If anyone is interested in seeing what opportunities are available for you in Saline, check out the Saline Area Players website at  And, if you’re so inclined, leave a comment on this blogpost about why you do community theater.

Monday, March 19, 2012

Jr. Theater presents The Marvelous Misadventures of the Munchkinland Mayor

I popped into the rehearsal for the upcoming Saline Community Education’s Junior Theater production of The Marvelous Misadventures of the Munchkinland Mayor and experienced a fun twist on the Wizard of Oz written by Saline’s own Brian Cox. The show is directed by Rebecca Groeb-Driskill, with choreography by Kristen Hall, and music direction by Linda West Klepacyzk.  Leo Babcock created the sets.  The junior theater is comprised of kids from grades 1-8 and does one show per year, a winter musical.  I’ve caught many of them and am always struck by the talent of the kids in this town.   The show is March 23-25.

The rehearsal I saw was a “rough run” in which that they were going through some of the show in a short time, putting the pieces together, which is always a bit rugged since all the transitions haven’t yet been worked out.  I saw a snapshot of what will be the full production.

Meredith Zehnder plays Dorothy.  At one point, a new line was added for her character, which she said with such beautiful expression the first time that she is clearly a natural.  I don’t want to give away one of the twists of the story, but suffice it to say that in this version “Hollywood got it wrong”.  The Mayor of Oz, Jon-Michael Taylor, plays a prominent role in the show and he demonstrates ease on stage along with great diction and fine expression in his portrayal.  The lion to be played by William Kiningham is appropriately cowardly and faints extremely well, and the Tinman, played by Gregory Pool, portrays his character with tenderness and some good scared shaking.  Unfortunately, I didn’t get to see the scarecrow who was sick that day, but I loved watching one of his stand-ins, Mackenzie Piche, who is normally cast as a guard and played her role with great enthusiasm & expression, tweaking her performance each time she was on stage.

The choreography is lively, with lots of fun steps, jumps, and creative hand movements.  You could tell that all of the kids felt ownership with their parts and played them with gusto.  The flying monkeys were some of my favorites that day.  Even though some of them are smaller than the lion, tinman and scarecrow, they bounded on stage with their noisy, menacing, peskiness that all but made up for their size.  The monkeys are being played by Jeff Blair, Drew Denlinger, Jimmy Lancaster, and Collin Wagner.  Munchkin Edwina, played by Miranda Patterson, delivered her only line with so much energy and animation that she shone!  I didn’t get to see the costumes except for a glimpse of a “tree,” but it was very creative and green!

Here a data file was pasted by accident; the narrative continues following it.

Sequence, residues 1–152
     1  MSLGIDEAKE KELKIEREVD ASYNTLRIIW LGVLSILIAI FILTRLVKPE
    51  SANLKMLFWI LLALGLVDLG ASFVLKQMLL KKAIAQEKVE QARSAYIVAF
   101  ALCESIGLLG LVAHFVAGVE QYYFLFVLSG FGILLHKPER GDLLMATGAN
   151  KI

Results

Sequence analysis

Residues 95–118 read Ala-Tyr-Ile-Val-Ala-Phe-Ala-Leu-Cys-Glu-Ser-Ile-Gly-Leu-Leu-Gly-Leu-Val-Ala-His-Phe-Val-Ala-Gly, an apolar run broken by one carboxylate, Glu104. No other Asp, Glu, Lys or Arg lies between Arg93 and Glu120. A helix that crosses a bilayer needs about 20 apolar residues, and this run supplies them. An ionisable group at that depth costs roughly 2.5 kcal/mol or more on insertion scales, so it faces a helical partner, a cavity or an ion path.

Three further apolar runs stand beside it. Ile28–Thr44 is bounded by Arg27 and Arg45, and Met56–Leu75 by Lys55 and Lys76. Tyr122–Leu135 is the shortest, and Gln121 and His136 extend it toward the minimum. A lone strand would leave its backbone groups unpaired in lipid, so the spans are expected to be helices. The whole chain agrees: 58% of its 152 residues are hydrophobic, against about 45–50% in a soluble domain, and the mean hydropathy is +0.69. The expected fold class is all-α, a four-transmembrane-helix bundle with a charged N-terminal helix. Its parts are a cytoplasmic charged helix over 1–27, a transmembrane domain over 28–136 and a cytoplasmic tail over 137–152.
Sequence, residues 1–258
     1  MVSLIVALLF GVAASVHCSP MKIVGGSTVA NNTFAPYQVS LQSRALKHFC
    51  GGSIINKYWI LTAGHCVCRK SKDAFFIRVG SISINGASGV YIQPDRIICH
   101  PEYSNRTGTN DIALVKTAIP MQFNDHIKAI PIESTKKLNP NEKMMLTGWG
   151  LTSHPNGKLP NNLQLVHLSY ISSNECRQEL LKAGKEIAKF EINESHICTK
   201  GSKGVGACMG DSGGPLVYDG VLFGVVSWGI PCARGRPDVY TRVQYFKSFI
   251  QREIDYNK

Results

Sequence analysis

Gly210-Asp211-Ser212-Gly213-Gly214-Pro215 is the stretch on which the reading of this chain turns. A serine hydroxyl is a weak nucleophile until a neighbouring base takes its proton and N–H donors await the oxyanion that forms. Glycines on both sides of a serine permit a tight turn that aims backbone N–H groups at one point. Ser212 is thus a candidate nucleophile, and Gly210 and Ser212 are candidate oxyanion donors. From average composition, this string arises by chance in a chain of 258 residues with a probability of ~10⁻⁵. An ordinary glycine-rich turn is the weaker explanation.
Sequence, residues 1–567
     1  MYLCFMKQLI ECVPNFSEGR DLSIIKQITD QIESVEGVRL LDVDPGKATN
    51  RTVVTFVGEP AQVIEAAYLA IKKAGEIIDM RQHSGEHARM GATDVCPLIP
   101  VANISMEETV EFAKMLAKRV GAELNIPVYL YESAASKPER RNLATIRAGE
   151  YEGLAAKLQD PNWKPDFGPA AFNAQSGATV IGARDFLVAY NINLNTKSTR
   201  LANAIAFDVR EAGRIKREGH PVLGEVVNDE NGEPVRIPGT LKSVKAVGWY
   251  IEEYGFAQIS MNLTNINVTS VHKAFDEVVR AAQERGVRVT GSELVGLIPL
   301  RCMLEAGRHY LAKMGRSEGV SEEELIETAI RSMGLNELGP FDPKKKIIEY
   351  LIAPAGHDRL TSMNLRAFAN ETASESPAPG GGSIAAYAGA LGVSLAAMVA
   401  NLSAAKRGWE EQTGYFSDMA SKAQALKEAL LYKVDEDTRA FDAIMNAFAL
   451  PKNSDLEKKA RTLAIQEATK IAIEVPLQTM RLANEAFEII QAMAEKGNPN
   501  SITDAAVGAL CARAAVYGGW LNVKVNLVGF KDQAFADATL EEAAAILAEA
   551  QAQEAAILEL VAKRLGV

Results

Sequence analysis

During a certain part, the witch is scheming among the poppies, trying to figure out whether to squash Dorothy and her cohorts like bugs or perhaps to poison them.  Elaina Veasey, who will play the Wicked Witch of the West, was crafting her witchy-ness during the rehearsal.  To my delight, Rebecca asked me to come up and give them a demonstration of some witchy cackles and dialogue.  I had the honor of playing the witch in 2006 under her direction when Saline Area Players produced it.  I cannot tell a lie…there’s nothing like being put on the spot and, uh…well…loving it…. and the kids seemed to too.  Who doesn’t like an appreciative audience?  Interestingly, I talked to Sara Foley, who is playing a lovely and graceful version of the good witch Glinda in this production, who happened to be a munchkin in the 2006 production.  She remembered me and said that I scared her back then.  Ahhhh ha ha ha ha ha haaaaa! 

In my short time at the rehearsal, I was struck by the huge amount of energy that the kids showed, their naturalness on stage, which is telling considering that for many this is a first experience, their willingness to try new things, and their devotion to the production and working hard in whatever part they played.  The little moments were divine and will make the show.  Also, the voices are beautiful and, I won’t give away the finale, but will tell you that I’ll be bringing my tissues to the show.

Performances are March 23 & 24 at 7:30 p.m. and March 25 at 2:00 p.m. at Liberty School Auditorium.  Tickets are $5 and are available at the door.

Friday, March 9, 2012

Opening NIght

"Joyce" and "Marion" ... from As the Stomach Turns

Opening night of The Carol Burnett Show: Your Favorite Sketches was a success.  I can't write a review since I was in it... but I can tell you that it was great to hear hearty laughs and an overwhelming wonderful response from audience members afterwards.  

Some of the comments I heard.....